July 29, 2011

A lighthouse on a grey day

It was the only day which was overcast that we cycled out to Fårö's lighthouse. The road winds through a rather dense forest of tall pines, creating a closeness with the tall trees and the low sky, I think I forgot at some points that I was on my way to see a building which beckons travellers from the vast expanses of the open sea.

We stopped off en route by Fårö's only supermarket, purchasing a carton of milk from Gotland,  a couple of smoked flounder from the smokehouse nextdoor and a selection of freshly baked rolls from the nearby bakery for a small picnic on the beach.

Next to the smokehouse was a small flea market and book stall, in a rundown wooden shed with a dirt floor - piles of unsorted books piled on trestle tables, listing bookshelves and mildew afflicted cardboard banana boxes. I surprisingly found an english copy of Goldfinger amongst the mess, for 5kr.

The lighthouse was surrounded by a low wall and a small outcrop of buildings. One can't go up to the light house as the area inside the wall is private property. The greyness of the sky and sea was reflected in the lighthouse structure itself, as well as the grey rocks below it, but it wasn't that gloomy, depressive grey that low clouds usually bring. The entire scene and atmosphere suited the weather much more so, than the swimming pool blue coloured skies of the days prior.

After lunching we lay in the sand dunes, using our jerseys and cardigans as makeshift pillows, as adventurers are wont to do (or so I like to think), and dozed lightly. After a while I wandered down to the shoreline, and discovered a dead seal. Some sea creature had eaten it's eyes. I didn't take a photo of it.


July 23, 2011

At Kutens Bensin

At Kutens Bensin, Fårö. Or as it's also known 'Creperi Tati'. It lay on the other side of what was possibly the largest sloping road on Fårö, and I inwardly cursed it's location as I peddled furiously up what became known as my nemesis hill; I filled with dread and defiance every time it loomed ahead of me, but the promise of relaxation, crepes, and a jukebox asking to be played was enough incentive. (let it be known I conquered this hill every time.)

We went there twice, first for dessert, and the next day for dinner.
The exterior is all overgrown weeds, rusted cars (one was meant to be the car Bonnie and Clyde were shot to death in, I never found it), and miscellaneous signs, watched over by an american flag atop an impossibly tall flag pole. The interior was a hodge-podge of Americana and Swedish nostalgia, wooden beams, formica tables, mismatched chairs; the kind of place where every inch of wall space seems to be covered by a photo, catchy slogan or retro knick-knack, and everything felt worn and lived in, in that comfortable, nostalgic way.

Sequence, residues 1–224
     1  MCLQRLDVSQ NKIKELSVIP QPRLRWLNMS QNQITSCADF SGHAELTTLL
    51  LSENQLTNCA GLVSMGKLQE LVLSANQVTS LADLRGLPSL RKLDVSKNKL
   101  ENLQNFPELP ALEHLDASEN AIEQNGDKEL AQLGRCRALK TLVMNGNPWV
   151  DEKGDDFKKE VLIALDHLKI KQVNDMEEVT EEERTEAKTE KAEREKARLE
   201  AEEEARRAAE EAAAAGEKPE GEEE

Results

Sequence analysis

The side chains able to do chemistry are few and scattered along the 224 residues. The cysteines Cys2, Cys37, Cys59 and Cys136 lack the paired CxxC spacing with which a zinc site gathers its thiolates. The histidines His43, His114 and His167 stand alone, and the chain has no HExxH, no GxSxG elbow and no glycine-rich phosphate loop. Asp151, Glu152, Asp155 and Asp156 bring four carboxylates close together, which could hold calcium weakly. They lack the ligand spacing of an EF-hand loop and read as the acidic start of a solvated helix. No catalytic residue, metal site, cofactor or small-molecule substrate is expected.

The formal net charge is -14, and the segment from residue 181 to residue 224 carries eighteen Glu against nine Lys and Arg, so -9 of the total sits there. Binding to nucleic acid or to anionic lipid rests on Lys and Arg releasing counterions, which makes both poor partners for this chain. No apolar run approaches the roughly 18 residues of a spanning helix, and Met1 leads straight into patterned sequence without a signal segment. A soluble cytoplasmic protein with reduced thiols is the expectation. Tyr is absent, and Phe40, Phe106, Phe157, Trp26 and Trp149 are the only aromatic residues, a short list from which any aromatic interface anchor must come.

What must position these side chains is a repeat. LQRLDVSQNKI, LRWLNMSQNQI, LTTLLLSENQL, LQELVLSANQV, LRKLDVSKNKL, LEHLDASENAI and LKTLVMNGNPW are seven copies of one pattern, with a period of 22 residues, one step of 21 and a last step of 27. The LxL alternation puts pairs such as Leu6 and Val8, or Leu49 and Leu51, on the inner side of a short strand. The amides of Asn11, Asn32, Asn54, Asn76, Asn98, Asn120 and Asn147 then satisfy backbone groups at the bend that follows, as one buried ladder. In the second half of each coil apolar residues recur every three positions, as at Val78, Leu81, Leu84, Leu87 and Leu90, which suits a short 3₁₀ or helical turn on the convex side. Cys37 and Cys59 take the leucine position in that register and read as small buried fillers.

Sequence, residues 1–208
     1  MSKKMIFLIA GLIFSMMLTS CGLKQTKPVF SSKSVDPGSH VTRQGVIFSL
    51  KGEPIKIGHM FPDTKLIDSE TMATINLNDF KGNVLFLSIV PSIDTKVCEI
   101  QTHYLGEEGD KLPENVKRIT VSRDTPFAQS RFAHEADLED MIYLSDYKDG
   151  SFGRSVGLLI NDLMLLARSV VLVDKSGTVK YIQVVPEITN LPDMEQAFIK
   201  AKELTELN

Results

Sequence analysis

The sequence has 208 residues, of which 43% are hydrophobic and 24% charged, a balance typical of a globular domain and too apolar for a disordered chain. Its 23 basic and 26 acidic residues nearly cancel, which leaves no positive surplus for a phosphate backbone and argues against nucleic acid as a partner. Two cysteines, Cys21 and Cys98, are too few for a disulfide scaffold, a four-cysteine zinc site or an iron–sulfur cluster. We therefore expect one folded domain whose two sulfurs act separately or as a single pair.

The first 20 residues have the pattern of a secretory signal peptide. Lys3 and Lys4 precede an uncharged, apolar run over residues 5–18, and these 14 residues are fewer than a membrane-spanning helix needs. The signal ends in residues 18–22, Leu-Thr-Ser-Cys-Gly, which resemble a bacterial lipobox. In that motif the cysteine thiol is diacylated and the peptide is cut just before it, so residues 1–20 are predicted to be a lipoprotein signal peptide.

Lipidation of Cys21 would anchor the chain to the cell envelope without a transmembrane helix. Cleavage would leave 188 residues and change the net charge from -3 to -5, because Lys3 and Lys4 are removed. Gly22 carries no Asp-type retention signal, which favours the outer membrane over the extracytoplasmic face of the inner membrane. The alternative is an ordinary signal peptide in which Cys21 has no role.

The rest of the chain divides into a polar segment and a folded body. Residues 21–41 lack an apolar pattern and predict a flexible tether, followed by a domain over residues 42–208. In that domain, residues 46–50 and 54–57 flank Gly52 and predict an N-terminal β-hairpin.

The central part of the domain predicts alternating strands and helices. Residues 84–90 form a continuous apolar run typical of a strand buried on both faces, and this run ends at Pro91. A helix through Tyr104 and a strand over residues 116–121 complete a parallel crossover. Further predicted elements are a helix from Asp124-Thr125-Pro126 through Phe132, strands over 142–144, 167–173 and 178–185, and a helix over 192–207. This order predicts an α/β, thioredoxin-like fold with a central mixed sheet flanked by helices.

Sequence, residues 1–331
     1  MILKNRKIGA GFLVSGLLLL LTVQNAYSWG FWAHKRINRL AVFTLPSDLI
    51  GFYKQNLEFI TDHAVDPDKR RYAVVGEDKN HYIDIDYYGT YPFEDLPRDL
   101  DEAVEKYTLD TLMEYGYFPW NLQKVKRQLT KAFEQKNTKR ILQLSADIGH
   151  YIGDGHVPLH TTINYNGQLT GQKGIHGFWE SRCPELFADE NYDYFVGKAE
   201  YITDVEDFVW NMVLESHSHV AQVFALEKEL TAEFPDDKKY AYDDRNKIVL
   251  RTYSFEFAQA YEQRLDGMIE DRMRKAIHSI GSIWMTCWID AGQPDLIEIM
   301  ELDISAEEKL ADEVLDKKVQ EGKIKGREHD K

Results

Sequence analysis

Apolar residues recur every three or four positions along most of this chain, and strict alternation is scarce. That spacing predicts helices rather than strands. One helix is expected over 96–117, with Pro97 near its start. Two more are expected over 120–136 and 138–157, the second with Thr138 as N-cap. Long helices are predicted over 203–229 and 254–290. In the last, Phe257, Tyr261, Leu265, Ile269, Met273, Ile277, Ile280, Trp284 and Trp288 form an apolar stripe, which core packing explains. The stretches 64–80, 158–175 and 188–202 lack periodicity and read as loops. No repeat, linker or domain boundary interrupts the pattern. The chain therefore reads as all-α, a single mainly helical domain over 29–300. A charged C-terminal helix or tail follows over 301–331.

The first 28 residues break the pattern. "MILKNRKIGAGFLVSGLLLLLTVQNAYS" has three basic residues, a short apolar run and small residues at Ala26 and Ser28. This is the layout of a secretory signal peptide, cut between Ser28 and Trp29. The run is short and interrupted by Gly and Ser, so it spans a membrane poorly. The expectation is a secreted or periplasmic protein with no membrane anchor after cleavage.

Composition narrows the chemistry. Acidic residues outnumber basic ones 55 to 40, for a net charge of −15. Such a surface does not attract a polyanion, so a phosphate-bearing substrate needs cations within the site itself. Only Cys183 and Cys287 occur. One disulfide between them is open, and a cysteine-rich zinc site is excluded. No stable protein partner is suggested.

Sitting inside on the first evening, I had a classic chocolate crepe, while Kris ordered a 'Summer evening smile', I believe it was called, with saffron ice cream and dewberry jam. We drank cold Coke out of glass bottles (coke does taste better in glass bottles, you know), read old Swedish magazines and spent two hours taking turns playing the jukebox.

On our return trip with had dinner outside amongst the blue painted garden furniture and rusted refrigerators. The dinner galettes were all named after actors and musicians of the 50's and 60's - the Marilyn's, the Jimmy Deans, the Presleys and so forth. My Galette was called the 'Hopper', after Denis, naturally, and was brimming with chorizo, parma ham, potato, cherry tomatoes and cheese, and accompanied by a crisp, dry apple cider. I read a Goldfinger paperback I discovered earlier in the day at a small book stall set up in a shed next door to the supermarket and the fish smokery.

July 19, 2011

Fowl Spectators

A marabou stork struts casually onto the field in a World Cup qualifier match between Kenya and Morocco, Nairobi, Kenya, 2005.

An  owl swoops into the stadium, halting the match between Finland and Belgium for 8 minutes during a Euro 2008 qualifying match at Helsinki Olympic Stadium. As everyone stands around bewilderedly, wondering what to do, the owl launches from one goal, nonchalantly flying down the pitch, only to take up place upon the crossbar of the goal at the other end.

July 18, 2011

Bicycle ideal

I am scouting about for a new bicycle. At present the Pilen Lyx is the clear leader, preferably in forest green with a brown Brooks saddle, because one can choose things like that. This is most likely my equivalent of buying your first car.

July 17, 2011

Sea Legs

The RMS Queen Elizabeth on fire and as a shipwreck in Hong Kong Harbour, 1972.  While being converted into a University cruise ship (a rather amazing idea), the world's largest passenger ship mysteriously caught fire as her refurbishments neared completion.  So much water was poured into her, in a vain attempt to combat the blaze the ship eventually capsized from the weight, and lay wrecked in Hong Kong Harbour for many months, until eventually being partially scrapped to be used as landfill for Hong Kong Airport. Parts such as the keel and boilers still lie on on the seabed, and are still marked on local maps as 'Foul', an unsafe area to anchor a boat.

The wreck of the RMS Queen Elizabeh made for one of the more interesting film locations and sets when used as a covert MI6 headquarters in the 1974 Bond film 'The Man with the Golden Gun'. To accommodate for the capsized liner's continuous lean, the Secret Service apparently constructed new floors, ramps, staircases and bookshelves, making for excellent clashing wallpaper patterns, bizarrely distorted corridors,and staircases upon staircases.